Monday, September 17, 2007

The Story Behind The Story: Diggin' Up Bones

I’ve had story ideas come from a variety of sources; conversations, what ifs while reading, some of my lectures in college, etc.

But Diggin’ Up Bones is certainly unique in its evolution.

Last summer (that would be 2006), I moved from Kentucky back home to Missouri. Well, almost home--I grew up in Kansas. Anyways, my husband and I moved first, and our daughter stayed with his parents, since our apartment wouldn’t be ready for another month, and we were staying in a one bedroom (very small) house in the meantime.

No cable, no real internet connection (long distance fees out the wazzo when we did dial in), and no real money to speak of. So we spent a lot of time together, watching movies we had on DVD and VHS, listening to a lot of music, and playing endless hours of computer games.

To give you a better idea of the place, we had so much stuff (since we had an entire moving truck of stuff, for a two bedroom house) in this tiny one bedroom place, we had wall to wall boxes. We had boxes stuffed in the kitchen cabinets, and boxes stacked on the counters in front of them. There was a two foot wide walkway from the front door to the bedroom door.

My computer was set up on a chair at one end of our love seat, and his was set up at the other end. Boxes were behind each computer. We had no table, and no place to sit other than the love seat and the bed.

We stayed there about 45 days.

So to stay sane, and would take walks in the evenings, just to get out of there. On one of our walks, a line came to me. Simple, direct, and spoken in a soft yet frustrated voice.

“Zach Bradford, part time archeologist, full time pain in the ass.”

I didn’t know anything else about him, or about her, than that. He was an archeologist, and she felt him to be a pain in the ass.

I started playing with it from there. If he’s an archeologist, then what does he do? What does he look like? Well, he’s part Native American, so he will specialize in preserving digs of Native American sites.

From there, the idea for the title came to me. I had the title, “Diggin’ Up Bones”, one line from the story, and nothing else. That title however, spun off other ideas. It’s the title of a song, by Randy Travis. While I don’t listen to a lot of country songs, I do enjoy that one. And it got me to thinking about their relationship. He’s a partially Native American archeologist. So he’s doing a dig at her place, but she doesn’t want him there.

Why not? What’s the story there? How do they know each other? What do they mean to each other? These and a few hundred other questions filled my mind during the mile and a half walk.

My husband walked silently beside me, not bothering me, after I told him I had a story idea. And boy did I ever.

When I sat down that evening, the story flowed out of me. I hit just over 5 thousand words (a milestone for me at that time). I was happy with it. I felt the story had been told. A friend of mine edited it, and we had it polished to within an inch of its life, bringing it to about 7 thousand words.

I sent it off to Venus Press, and surprise of all surprises, it was accepted. But then things happened, and I had to pull it before it ever saw an edit there.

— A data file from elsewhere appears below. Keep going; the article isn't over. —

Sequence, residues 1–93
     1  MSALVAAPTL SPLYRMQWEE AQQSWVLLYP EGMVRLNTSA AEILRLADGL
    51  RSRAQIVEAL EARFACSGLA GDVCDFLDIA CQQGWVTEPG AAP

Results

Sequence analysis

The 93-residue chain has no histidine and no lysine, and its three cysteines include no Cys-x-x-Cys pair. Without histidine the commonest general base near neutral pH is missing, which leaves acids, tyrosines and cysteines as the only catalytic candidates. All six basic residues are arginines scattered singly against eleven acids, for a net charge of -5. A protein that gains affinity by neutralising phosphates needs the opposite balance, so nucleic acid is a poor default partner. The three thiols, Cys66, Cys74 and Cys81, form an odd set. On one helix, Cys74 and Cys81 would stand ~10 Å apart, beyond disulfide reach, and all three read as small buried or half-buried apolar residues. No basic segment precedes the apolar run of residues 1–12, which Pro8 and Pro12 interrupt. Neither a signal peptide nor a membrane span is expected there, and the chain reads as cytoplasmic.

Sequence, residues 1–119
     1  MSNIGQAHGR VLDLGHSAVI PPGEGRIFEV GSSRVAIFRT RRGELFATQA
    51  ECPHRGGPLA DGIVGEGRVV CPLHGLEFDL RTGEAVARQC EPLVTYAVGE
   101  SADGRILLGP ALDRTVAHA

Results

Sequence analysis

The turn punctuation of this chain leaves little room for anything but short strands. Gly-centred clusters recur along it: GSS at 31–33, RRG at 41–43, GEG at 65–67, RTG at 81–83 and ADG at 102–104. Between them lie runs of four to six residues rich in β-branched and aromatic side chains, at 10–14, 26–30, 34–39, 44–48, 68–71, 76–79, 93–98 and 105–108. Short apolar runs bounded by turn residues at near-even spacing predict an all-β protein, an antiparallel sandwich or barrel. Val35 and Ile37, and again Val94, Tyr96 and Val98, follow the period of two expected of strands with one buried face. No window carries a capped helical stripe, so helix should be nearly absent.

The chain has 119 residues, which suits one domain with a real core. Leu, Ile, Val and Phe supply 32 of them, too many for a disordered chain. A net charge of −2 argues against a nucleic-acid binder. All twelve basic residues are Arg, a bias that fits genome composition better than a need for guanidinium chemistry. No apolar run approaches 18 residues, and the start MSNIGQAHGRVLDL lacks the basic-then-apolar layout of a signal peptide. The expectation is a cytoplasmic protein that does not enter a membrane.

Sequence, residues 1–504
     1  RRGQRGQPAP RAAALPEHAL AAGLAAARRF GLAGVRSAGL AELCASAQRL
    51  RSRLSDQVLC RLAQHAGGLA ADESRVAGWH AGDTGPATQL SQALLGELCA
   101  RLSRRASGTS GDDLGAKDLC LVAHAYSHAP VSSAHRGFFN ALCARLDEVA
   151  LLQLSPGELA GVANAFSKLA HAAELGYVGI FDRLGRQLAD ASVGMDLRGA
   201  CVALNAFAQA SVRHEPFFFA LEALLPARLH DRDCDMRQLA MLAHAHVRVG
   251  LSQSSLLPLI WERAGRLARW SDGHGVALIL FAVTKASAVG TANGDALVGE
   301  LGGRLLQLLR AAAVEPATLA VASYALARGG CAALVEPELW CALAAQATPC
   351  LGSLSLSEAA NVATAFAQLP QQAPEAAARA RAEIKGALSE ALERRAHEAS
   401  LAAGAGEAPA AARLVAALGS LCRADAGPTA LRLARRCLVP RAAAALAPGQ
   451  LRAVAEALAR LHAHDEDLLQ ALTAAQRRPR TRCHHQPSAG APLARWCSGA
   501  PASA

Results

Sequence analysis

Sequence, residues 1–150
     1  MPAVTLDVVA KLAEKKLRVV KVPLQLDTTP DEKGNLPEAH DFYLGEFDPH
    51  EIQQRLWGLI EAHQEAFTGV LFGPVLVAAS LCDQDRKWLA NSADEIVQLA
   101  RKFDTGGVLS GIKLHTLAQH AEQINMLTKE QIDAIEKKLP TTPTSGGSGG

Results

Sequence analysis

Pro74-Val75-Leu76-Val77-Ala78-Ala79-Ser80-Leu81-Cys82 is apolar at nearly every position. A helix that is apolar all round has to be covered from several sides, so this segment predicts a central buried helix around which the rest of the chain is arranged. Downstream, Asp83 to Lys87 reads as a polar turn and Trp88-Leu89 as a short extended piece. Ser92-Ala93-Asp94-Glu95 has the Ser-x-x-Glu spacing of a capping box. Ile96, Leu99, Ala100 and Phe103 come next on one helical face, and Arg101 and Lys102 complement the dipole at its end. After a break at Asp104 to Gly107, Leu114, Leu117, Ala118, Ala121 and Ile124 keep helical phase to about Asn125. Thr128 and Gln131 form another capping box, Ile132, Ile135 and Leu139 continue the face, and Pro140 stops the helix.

So I started looking around, trying to find another home for what was quickly becoming my baby.

Phaze offered that home. But I wanted it to be more than a HeatSheet. I knew it could be. After all, it was my baby, and it deserved its own cover image. (Yes, that was actually a factor in expanding the story). By that time, I had also reread it, and there were some places I felt could be tweaked. I also had another friend look at it and suggest some spots she felt would be better as a longer piece. So I tweaked. I rewrote. I added to. By the time I was done, I had hit 12 thousand words. Just barely. 12,038 I believe was the word count. I had reached another milestone in my writings.

And again, it was accepted. I jumped for joy, and went on to write other things.

Then the edits came. LOL My oh my, I almost died. I admit that freely. I flat out, no holds barred, freaked. I was devastated, and exhilarated. I had a headache and hope at the same time. This was the first time I had written a story of this length, so the consistency issues, the flow of the dialog, the clothing they were wearing, and the emotion behind the words all had a bigger importance.

Through it all, I kept repeating the words of one of my high school English teachers to myself. “The more red ink, the more actual suggestions made, the more the person cared about the story.” It became my mantra.

For the first time, I allowed my husband to read it. (The unedited version I subbed, and the red inked one). He had his own editing suggestions. And over the course of two exhausting days, I took both edits, used what I thought fit, added a bit more here and there - where it was suggested a scene be added, or some info be included - and before I knew it, I was at 14 thousand words.

I kept right on going, polishing the heck out of the story.
It was exhausting, it took over a year from start to finish, and a kick ass story (at least I think so anyways) has resulted.

And now, today, it is available for others to read. I am giddy, and anxious, and nervous as hell. So I hope that you enjoy Diggin’ Up Bones. And that you disagree with Alisa. He might be a part time archeologist, but Zach Bradford is no pain in the ass.

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